How to Become a Winning Haggler

By Sun Jung  •  May 14, 2014

Bargaining or haggling is a carefully crafted art that requires rhetorical tactics and confidence. Often people postulate the act as a faux pas and quietly settle for the numbers on the price tags. If you happen to think that way, reprogram your brain. Haggling is a precursor for a successful deal and an opportunity to sharpen your persuasion skills. You can walk out of the store as a hundredaire or thousandaire depending on how successfully you talk your way to sales.

A haggler needs to be fully equipped when going to the negotiation field. Aside from wallet, there are two crucial weapons a contemporary buyer should have: cash and a smartphone. When talking to the salesperson, allude to current online deals for that similar item. Mention how you’ve visited other stores and found the same product for a lower price. Have the phone in hand and tell them how you just saw the deal or spoke to another store’s representative who offered a cheaper option. Showing that physical device as evidence can empower your argument. After acquiring the discount you wanted, tailor for an extra by offering cash. Ever thought how Chinese restaurants charge below the average meal price? The answer is in that white sign with red print saying “CASH ONLY.” Nobody wants to pay for credit card transaction fees. Tell whoever is charging you that you’ll pay in cash if they can cut the deal further.

 

 

Perhaps there are certain places where being a haggler is the equivalent of being bald in a hair salon. It is fruitless to try negotiating in retail stores such as Costco and Walmart. Know the appropriate places and times to aim for monetary sales. For instance, furniture prices at individual stores or malls tend to be unreasonably expensive. Those who ask for a lower price usually end up paying about three hundred dollars less. Whenever there is a garage sale, vendors are always open to adjust the costs with the buyers. (Bonus: to purchase at an even lower value, come at the end of the day when your neighbor is desperate to get rid of everything.)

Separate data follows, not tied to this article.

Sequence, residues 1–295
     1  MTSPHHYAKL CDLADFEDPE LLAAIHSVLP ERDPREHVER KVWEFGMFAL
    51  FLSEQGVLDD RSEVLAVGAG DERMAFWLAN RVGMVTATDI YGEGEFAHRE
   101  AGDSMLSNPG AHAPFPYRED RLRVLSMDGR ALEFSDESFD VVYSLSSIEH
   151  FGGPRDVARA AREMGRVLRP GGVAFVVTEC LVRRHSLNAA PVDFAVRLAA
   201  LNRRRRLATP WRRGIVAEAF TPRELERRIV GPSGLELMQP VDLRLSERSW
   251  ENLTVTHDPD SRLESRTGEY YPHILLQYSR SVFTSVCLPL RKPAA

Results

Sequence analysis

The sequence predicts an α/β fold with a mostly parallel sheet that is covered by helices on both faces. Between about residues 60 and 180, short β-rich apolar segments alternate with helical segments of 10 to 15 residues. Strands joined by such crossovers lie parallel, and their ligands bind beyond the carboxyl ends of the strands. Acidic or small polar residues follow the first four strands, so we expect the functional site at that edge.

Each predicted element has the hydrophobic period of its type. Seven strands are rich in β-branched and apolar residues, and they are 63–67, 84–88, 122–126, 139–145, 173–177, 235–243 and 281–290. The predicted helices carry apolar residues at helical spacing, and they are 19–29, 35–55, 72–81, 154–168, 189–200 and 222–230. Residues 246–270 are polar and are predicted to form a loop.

In flea markets or stores without price tags, there is a crucial commandment that should not be broken: do not ever say the number first. Unless you are a prodigy who can calculate the precise costs of all the materials of the product, you will run the risk of blurting an overestimated value. Politely ask what the vendor is willing to sell it for and then say a price below the actual one you’re willing to pay. That way, both of you will debate and settle around the number you had in mind. And if the owner is still reluctant to reduce it, use the “walk away” technique. He or she might finalize it to your favor. Don’t get upset if that’s not the case—there are plenty other stores to explore.

 

 

It’s not only math and rhetoric that comes into play; body language will serve as a gauge for the counterpart to approximate how badly you need the merchandise. Be overconfident and show moderate indifference, do not show any eagerness. It will make you vulnerable to pay for the full price. Also be friendly. There is no need to display a Clint Eastwood-stoicism either. Compliment the seller with generosity and you’ll gain extra leverage by becoming the nice customer who deserves a sale. This is crucial in clothing stores where employees can give extra discounts. However, avoid engaging in a lively raconteur as an attempt to be friendly. This is not therapy, this is business.

There is a sentence that you should use wisely and avoid abusing. It’s the “I don’t have change” syntax. Sometimes we bring it down to the number we want, but the shopkeeper sticks messy cents to it. There’s a general rule for this: if it’s below $0.65 use the sentence. If it’s higher, use it or pay for it depending on the circumstances.

 

 

On a final note, if you happen to be in a foreign store where you can speak the language decently, do it. It will reboot your chances to obtain a better offer. Generally, store owners love to interact with clients who can speak their native tongue and give free services. For instance, I got exempted for a $25 bike repair just because I cordially spoke in Spanish to the Mexican owner. Make them see you as not just another buyer, but as an individual whom they can communicate comfortably. 

Keep these pointers in mind next time you shop. Don’t be afraid to haggle—it is the rhetorical cure for your wallet’s financial hemorrhage.  



Sun Jung Sun Jung Sun Jung is currently an undergraduate student at the University of Southern California majoring in English Literature. Born in South Korea, she was raised in Guadalajara, Mexico for seventeen years before coming to LA for college.


2 Comments

Kevin,  May 16, 2014

These are very accurate tips. Nice bag of psychological tricks and classic techniques for bargaining. Well done!

Kevin,  May 16, 2014

These are very accurate tips. Nice bag of psychological tricks and classic techniques for bargaining. Well done!

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